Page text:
I ask the fifty-two nations, who have given the Ethiopian people a promise to help them in their resistance to the aggressor, what are they willing to do for Ethiopia? And the great Powers who have promised the guarantee of collective security to small States on whom weighs the threat that they may one day suffer the fate of Ethiopia, I ask what measures do you intend to take?

Representatives of the World, I have come to Geneva to discharge in your midst the most painful of the duties of the head of a State. What reply shall I have to take back to my people?

Quote from: Address to the United Nations, 1963
On the question of racial discrimination, the Addis Ababa Conference taught, to those who will learn, this further lesson:

That until the philosophy which holds one race superior and another inferior is finally and permanently discredited and abandoned:

That until there are no longer first-class and second class citizens of any nation;

That until the colour of a man's skin is of no more significance than the colour of his eyes;

That until the basic human rights are equally guaranteed to all without regard to race;

That until that day, the dream of lasting peace and world citizenship and the rule of international morality will remain but a fleeting illusion, to be pursued but never attained;

And until the ignoble and unhappy regimes that hold our brothers in Angola, in Mozambique and in South Africa in subhuman bondage have been toppled and destroyed;

Until bigotry and prejudice and malicious and inhuman self-interest have been replaced by understanding and tolerance and good-will;

Until all Africans stand and speak as free beings, equal in the eyes of all men, as they are in the eyes of Heaven;

Until that day, the African continent will not know peace.

Quote from: Address, 1963
Throughout history, it has been the inaction of those who could have acted, the indifference of those who should have known better, the silence of the voice of justice when it mattered most, that has made it possible for evil to triumph.

Quote from: Opening of the first Parliament, 1932
You must know and understand that besides your own birthplace, there are others next to you, and that besides your own cities, there are others around you, and that all these places and cities together make one big nation and those living in it are all sons and daughters of one Ethiopia and that these people from time immemorial lived as one family and one people thus being members of the greater family of man. You must, therefore, realize that besides issues concerning your own birthplace there are greater issues concerning all provinces and all families which, when put together, are of common interest to all, and that the protector of these common interests is the Government while the Emperor is the source of enlightenment to all.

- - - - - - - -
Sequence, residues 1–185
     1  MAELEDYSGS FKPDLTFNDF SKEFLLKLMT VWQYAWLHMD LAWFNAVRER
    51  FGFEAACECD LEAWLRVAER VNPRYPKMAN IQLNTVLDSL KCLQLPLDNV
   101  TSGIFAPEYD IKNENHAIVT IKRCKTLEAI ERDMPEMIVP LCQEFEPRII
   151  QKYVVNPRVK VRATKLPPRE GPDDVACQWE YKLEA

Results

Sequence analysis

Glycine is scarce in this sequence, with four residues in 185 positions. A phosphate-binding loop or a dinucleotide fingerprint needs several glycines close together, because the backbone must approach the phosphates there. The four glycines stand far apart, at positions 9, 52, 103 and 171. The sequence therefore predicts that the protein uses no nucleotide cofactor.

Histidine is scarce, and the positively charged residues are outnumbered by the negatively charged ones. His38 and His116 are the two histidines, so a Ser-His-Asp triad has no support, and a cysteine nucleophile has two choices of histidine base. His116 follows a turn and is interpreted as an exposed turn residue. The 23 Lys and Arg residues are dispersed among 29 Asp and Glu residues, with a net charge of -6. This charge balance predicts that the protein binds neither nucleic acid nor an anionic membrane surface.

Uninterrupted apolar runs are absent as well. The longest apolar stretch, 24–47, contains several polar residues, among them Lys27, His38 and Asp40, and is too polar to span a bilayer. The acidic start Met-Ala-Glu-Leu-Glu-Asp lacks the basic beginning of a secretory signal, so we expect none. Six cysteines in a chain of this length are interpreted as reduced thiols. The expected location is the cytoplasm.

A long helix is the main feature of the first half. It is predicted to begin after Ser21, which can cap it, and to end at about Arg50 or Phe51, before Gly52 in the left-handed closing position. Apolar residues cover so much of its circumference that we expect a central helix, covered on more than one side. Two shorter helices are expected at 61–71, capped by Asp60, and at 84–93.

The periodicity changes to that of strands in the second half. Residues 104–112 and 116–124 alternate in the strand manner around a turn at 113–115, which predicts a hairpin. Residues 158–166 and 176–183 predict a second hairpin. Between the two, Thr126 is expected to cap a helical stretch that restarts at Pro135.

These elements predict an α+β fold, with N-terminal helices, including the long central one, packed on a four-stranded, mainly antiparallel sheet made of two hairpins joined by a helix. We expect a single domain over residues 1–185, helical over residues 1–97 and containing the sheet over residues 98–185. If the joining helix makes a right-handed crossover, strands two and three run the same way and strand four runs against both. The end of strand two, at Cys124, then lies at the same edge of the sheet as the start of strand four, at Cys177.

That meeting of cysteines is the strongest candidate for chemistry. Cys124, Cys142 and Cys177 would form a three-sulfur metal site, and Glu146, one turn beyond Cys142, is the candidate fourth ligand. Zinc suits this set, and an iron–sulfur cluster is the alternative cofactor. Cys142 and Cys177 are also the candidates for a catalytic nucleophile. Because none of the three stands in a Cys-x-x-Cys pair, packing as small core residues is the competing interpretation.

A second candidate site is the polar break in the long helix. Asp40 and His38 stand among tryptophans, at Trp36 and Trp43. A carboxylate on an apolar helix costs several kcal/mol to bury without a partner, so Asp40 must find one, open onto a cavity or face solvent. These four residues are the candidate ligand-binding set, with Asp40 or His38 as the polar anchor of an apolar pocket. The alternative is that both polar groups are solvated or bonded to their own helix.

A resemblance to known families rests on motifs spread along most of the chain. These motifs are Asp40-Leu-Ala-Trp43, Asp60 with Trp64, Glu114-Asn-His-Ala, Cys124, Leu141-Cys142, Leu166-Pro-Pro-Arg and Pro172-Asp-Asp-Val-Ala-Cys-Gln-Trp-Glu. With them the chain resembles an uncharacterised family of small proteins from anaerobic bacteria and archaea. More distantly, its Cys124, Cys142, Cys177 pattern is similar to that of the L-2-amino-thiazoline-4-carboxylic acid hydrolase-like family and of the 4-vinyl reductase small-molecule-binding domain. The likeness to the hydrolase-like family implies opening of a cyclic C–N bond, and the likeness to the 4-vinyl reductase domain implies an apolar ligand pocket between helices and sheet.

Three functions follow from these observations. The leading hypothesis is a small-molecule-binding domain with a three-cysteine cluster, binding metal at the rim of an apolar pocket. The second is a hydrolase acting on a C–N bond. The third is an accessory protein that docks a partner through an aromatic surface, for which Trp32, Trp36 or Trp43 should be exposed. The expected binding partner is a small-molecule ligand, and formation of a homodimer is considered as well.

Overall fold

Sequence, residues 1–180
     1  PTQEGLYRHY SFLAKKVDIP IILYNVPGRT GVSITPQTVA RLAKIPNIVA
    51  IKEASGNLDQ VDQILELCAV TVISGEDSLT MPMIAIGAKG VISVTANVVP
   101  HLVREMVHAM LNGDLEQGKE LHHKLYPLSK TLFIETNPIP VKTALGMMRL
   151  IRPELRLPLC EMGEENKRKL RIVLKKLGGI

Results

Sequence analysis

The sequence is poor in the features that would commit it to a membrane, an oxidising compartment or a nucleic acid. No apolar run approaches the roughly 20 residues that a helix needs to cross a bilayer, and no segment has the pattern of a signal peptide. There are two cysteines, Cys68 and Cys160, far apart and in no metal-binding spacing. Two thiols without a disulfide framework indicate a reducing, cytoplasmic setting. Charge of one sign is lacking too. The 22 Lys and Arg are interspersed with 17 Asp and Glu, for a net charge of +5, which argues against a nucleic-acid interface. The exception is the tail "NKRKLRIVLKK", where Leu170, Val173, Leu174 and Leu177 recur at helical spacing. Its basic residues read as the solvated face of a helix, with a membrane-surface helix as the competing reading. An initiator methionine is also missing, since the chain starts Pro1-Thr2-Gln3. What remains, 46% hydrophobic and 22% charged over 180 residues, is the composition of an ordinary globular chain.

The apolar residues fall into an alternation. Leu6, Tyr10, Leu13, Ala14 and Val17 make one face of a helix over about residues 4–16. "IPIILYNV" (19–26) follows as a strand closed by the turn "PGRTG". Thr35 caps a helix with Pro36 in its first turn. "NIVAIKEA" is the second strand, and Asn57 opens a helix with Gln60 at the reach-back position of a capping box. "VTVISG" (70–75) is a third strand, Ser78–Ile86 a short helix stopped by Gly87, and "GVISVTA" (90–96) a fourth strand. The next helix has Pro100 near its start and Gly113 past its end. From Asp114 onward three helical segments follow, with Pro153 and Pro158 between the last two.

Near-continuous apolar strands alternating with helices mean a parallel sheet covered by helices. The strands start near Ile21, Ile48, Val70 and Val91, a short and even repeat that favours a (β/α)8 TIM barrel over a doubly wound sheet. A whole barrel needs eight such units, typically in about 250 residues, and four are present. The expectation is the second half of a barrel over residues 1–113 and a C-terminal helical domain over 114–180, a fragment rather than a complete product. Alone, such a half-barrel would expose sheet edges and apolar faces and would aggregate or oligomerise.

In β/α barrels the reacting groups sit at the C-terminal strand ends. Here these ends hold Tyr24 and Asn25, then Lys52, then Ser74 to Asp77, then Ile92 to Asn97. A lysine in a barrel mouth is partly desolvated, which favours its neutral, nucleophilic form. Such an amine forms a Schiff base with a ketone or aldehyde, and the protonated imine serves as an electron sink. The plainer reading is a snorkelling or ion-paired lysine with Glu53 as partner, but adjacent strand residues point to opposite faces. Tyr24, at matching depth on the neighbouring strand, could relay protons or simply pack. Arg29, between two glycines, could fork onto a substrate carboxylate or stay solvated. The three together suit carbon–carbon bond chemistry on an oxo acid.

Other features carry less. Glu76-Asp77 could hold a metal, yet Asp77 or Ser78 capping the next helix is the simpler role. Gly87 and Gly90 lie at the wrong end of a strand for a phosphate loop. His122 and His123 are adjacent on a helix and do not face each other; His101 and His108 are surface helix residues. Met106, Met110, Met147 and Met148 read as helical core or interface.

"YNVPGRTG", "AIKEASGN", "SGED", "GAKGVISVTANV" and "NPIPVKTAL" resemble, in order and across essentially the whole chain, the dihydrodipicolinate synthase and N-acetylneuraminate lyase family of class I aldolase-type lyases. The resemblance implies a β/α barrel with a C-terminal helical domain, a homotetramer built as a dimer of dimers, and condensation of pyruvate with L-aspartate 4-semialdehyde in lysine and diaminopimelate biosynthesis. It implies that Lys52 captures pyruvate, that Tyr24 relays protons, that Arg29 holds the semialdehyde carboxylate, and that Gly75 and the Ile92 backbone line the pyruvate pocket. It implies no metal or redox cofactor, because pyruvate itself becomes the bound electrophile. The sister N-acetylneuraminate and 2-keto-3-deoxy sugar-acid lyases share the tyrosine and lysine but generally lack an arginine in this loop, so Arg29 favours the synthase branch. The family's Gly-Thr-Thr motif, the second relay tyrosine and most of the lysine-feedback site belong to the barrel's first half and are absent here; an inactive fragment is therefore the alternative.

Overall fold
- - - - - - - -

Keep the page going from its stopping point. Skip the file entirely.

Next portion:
Quote from: Remarks to the Council on Foreign Relations, 1967
It is a truism that self-help, hard work and initiative are requisites for any nation's economic and social advancement. Yet it is equally true that there still are outmoded international arrangements which seriously limit the efforts of developing countries to develop their potential.

So long as there remain impediments to the free flow of international trade; so long as there is no guaranteed price of primary goods at remunerative level without discrimination, the economic and social development of the developing nations will remain seriously handicapped. It is in this connection that the economically advanced nations can render valuable contribution. Such nations could, as an instance, extend further bilateral or multilateral assistance and waive obstructing arrangements such as preferential tariffs as well as other protective systems which, in the long run, prove ,a disservice to the economic and social progress of developing nations.